Sturdy, solid steel rods, butcher block finish, positive customer reviews
Thin cabinet and playing surface, no leg levelers, no counterbalanced players
|Dimensions||55″L x 29″W x 34″H; 150 lbs|
|Features||Butcher block finish, double chromed rods|
|Price||$$$ (check here)|
As a rule of thumb, tables priced over $600 are usually durable. The cabinet thickness however is only 5/8″, which is a little thin. The most durable tables are at least 1″ thick. I have learned that anything less than 1″ is not going to be as durable. However, it does weigh 150 pounds, so it has some meat to it. The playing surface is also thin (3/16″) compared to others in the price range that are 3/8″. The more thickness the surface has, the more durable it is.
The rods are double chromed and made with solid steel. They are quite durable. The only time I have heard of them being damaged is during delivery. The men are plastic, making them more likely to break. Rubber or metal are stronger materials.
The top customer review on Amazon said:
This table is super solid, super sturdy, and can take abuse!!!
Some customers raved about the durability, but one Amazon review also said:
The players are light, brittle plastic and the playing surface is very thin MDF/Cardboard with support bars holding it up (it was flaking apart as I installed it).
Draw your own conclusions. I am not sure what to make of this. The 5/8″ thick cabinet is a tad thin, but customers are saying it lasts for a long-time.
For almost the same price, you can the Carrom Signature model, which has a 1″ thick cabinet.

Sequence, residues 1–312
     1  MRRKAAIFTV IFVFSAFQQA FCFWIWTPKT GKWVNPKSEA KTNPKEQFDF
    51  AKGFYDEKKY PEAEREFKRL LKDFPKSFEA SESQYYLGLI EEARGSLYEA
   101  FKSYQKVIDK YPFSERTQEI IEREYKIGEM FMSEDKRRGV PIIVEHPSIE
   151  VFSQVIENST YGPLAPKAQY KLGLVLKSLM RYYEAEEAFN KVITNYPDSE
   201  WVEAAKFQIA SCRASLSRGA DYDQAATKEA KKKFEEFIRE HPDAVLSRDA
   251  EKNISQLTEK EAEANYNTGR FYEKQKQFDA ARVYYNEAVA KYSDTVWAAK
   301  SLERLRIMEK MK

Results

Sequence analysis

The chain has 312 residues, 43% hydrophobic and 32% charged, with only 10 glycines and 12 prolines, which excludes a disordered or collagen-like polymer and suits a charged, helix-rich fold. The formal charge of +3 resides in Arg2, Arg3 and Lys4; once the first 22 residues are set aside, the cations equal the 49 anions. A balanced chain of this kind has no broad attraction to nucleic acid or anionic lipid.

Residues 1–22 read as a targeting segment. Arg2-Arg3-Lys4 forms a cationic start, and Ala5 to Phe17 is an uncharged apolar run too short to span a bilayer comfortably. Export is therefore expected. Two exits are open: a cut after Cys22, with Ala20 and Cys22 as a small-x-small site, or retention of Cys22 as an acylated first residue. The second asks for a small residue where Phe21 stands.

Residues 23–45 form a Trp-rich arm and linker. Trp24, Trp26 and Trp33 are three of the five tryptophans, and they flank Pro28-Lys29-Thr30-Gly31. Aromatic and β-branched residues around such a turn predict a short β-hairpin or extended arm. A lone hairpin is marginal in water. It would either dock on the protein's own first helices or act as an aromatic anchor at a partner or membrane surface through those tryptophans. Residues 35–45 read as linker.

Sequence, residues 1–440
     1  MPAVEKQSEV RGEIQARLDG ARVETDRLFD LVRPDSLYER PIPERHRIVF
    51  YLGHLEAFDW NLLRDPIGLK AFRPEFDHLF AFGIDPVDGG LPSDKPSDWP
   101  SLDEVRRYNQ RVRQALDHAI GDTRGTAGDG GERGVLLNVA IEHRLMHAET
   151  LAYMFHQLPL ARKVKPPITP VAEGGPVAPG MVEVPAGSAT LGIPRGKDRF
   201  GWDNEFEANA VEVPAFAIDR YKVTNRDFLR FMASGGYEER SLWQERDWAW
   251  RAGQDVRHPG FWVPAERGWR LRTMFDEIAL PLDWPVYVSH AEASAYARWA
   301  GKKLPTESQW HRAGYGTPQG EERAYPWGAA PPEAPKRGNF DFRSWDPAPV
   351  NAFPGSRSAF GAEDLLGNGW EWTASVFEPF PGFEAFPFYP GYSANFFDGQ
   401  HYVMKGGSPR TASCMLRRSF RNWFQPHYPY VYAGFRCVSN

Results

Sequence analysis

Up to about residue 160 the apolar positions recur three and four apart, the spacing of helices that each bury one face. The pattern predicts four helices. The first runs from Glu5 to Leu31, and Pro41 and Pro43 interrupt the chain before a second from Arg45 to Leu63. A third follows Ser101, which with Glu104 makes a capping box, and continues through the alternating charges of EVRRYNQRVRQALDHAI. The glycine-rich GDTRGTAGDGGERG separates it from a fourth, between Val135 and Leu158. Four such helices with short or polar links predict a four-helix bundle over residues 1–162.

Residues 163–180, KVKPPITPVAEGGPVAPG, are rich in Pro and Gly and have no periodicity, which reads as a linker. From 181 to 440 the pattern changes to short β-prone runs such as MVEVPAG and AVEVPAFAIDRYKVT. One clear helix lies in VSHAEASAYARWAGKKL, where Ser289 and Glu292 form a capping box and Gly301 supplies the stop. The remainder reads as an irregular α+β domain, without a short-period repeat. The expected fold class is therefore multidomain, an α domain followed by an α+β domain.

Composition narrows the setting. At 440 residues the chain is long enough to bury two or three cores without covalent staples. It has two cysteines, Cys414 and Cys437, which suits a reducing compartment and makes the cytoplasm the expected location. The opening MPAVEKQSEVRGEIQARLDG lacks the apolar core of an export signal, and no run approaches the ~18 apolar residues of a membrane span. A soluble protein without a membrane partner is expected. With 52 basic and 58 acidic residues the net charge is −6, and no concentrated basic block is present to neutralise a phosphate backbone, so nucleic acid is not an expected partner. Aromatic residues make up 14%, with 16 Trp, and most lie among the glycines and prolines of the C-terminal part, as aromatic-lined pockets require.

A table that weighs 150 ought to provide good stability, but the thinner walls take away from it some. The playing surface, at 3/16″ probably isn’t completely level. I say that because only the really thick surfaces (3/4″) are totally flat. Thicker surfaces also lead to faster play.
It comes with leg boots, which act as levelers in a way, but don’t allow for precise height adjustment like a lot of other tables have.
The solid steel rods are sufficient for a table in this price range. They aren’t quite as fast however as the hollow rods found on higher priced tables, but they are easier for beginners to play with.
A few customer reviews said the ball flies out of the ball return sometimes when a goal is scored. One customer put a piece of cardboard up to block it. The ball returns are also on the ends, making retrieval more inconvenient than if they were on the sides.
The men aren’t counterbalanced, which isn’t unexpected, but still a feature that makes gameplay more fun. Beginners probably won’t care as much about this. The men are plastic, which compared to rubber or metal aren’t quite as fast.
The butcher block finish is unique for foosball tables. It has a very natural, strong appearance. It doesn’t have as much contrast however as other tables that have a wood finish on the cabinet, dark-colored legs, and chrome levelers. However, the black, rubber handles and boots along with the green playing surface complement the finish well. The humanoid men have a nice look as well.
Who’s It For?
For starters, it’s for anyone who likes the butcher block finish. Even though the price says otherwise, I think this is a beginner’s table and it’s designed for casual play. I think you can get a better table for the money. As I mentioned earlier, the Carrom Signature is probably a better buy. I will say that this table did get good customer reviews.
The composite rating is 4.5 stars. Almost every review was positive. The consensus among customers:
- fun to play
- need two people to assemble
- dead spots
- no counterbalanced players
If it means anything, I had a positive experience with their customer service. They replied to my e-mail very quickly, and answered all of my questions.